To succeed in making the case that Roe must go, Mississippi must formulate a petition appealing to the swing justices. Once occupied solely by Chief Justice Roberts, this role is now primarily held by Justice Brett Kavanaugh. Both Chief Justice Roberts and Justice Kavanaugh are reliably conservative; they rarely issue a ruling ladled in progressive legal thought. However, both are also immensely concerned about the reputation and politicization of their court—after all, everything is politicized these days. Chief Justice Roberts and Justice Kavanaugh likely agree that Roe is incorrect and that the Mississippi law is constitutional. What is not clear is whether their deciding votes will see the Supreme Court rule accordingly. Recognizing this, Mississippi submitted a brief that systematically addresses five stare decisis factors put forth by Chief Justice Roberts and Justice Kavanaugh.
First, Justice Kavanaugh believes a precedent must not be merely wrong, but “grievously or egregiously wrong,” to merit reversal. Roe surely qualifies. Roe is a fabrication from seven justices zealously determined to impose their axiological worldview on everyone else. To say that Roe is merely wrong is to woefully understate the magnitude of the error. As the Mississippi brief concludes, “Roe and Casey are, in sum, irreconcilable with constitutional text and ‘historical meaning’—which provides compelling grounds to overrule them.”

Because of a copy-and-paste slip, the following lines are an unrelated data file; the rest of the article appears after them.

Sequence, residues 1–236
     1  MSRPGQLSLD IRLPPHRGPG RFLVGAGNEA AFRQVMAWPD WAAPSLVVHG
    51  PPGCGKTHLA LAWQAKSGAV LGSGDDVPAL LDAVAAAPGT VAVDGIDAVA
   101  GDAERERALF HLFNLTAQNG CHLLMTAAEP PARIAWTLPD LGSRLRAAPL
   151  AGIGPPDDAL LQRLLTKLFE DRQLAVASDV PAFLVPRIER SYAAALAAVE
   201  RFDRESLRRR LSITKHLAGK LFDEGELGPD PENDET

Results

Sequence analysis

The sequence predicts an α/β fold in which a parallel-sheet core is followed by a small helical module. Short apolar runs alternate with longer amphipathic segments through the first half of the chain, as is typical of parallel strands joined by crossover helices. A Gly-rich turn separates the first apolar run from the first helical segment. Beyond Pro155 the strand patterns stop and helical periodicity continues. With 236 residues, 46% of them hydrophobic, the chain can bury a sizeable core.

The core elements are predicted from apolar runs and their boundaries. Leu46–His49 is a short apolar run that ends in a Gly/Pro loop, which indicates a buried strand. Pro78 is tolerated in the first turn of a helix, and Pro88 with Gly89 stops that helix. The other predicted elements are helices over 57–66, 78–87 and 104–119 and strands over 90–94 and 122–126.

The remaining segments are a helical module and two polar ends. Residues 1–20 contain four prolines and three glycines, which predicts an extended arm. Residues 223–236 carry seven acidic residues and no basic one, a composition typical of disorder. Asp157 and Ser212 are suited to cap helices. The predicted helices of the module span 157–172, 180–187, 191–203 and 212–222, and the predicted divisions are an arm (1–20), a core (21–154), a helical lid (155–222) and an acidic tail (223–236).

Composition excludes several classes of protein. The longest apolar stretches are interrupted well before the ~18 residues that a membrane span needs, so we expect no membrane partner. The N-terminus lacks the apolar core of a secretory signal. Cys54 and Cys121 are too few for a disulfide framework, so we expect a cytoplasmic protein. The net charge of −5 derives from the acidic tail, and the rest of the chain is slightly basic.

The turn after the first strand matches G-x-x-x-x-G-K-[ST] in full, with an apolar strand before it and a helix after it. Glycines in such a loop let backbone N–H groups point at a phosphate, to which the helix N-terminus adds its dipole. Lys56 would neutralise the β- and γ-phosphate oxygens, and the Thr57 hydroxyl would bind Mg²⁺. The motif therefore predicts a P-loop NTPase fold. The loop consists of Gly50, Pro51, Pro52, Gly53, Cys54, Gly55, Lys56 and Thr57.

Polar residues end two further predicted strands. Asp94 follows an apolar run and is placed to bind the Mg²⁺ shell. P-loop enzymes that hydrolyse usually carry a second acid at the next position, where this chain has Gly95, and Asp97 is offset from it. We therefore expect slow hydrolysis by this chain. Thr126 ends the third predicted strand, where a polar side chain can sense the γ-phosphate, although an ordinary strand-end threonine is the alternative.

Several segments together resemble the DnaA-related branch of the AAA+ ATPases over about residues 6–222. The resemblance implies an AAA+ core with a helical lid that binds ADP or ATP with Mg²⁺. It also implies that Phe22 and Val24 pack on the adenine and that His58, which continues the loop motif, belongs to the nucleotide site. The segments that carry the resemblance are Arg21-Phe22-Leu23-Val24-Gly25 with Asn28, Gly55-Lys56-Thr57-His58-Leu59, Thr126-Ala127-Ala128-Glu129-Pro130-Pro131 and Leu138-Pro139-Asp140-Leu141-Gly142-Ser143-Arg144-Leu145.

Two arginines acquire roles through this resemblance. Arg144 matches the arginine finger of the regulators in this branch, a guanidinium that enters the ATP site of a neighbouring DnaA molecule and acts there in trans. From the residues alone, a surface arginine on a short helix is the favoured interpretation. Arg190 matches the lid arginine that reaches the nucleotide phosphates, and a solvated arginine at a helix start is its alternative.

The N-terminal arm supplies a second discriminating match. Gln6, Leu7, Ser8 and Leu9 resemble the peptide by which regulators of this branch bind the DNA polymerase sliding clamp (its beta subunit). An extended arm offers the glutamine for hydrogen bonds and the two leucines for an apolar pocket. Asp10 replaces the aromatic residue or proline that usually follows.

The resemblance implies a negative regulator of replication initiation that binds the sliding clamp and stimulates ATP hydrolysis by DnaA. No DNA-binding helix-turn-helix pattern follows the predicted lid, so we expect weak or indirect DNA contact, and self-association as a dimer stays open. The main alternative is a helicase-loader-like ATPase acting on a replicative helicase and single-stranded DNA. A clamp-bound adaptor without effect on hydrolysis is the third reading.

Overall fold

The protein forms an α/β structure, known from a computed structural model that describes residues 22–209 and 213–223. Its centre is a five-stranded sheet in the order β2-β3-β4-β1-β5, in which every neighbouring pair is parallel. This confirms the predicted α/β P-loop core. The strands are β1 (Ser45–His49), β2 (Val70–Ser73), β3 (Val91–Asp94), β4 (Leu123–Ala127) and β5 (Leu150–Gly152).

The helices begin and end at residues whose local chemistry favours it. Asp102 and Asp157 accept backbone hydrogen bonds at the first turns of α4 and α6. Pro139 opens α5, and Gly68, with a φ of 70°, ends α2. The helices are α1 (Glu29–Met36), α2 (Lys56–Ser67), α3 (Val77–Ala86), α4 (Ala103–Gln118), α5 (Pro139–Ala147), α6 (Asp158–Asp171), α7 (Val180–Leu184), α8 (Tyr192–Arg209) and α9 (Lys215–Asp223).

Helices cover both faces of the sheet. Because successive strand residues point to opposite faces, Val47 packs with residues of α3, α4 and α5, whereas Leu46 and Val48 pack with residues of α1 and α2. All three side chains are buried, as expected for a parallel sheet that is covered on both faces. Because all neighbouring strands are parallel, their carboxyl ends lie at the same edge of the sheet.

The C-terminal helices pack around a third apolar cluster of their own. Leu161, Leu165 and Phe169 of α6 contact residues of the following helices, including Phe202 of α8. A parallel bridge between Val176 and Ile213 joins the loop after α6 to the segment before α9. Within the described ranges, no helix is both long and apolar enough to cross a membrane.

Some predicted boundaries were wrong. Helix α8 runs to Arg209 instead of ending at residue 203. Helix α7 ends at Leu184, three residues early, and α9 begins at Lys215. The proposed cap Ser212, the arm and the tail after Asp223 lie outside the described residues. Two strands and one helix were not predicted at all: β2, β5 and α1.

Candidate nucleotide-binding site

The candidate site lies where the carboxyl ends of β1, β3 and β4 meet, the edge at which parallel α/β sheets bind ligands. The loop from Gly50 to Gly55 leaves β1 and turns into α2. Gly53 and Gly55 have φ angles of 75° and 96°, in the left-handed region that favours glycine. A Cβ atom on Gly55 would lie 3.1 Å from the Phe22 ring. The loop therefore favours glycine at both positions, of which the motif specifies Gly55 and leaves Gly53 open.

Second, Chief Justice Roberts has identified a precedent’s practical workability as a critical determinant of stare decisis. Roe is nothing if not unworkable. The undue burden test, the central feature of SCOTUS’s abortion jurisprudence, evades any concrete understanding. Roe itself originally blocked states from pursuing their interest in protecting preborn children. Federal judges vehemently disagree on how to apply Roe and Casey to Pro-Life laws, and even the Supreme Court justices maintain differing interpretations of the cases. When SCOTUS tries to ease confusion about Roe and Casey, only heightened uncertainty follows.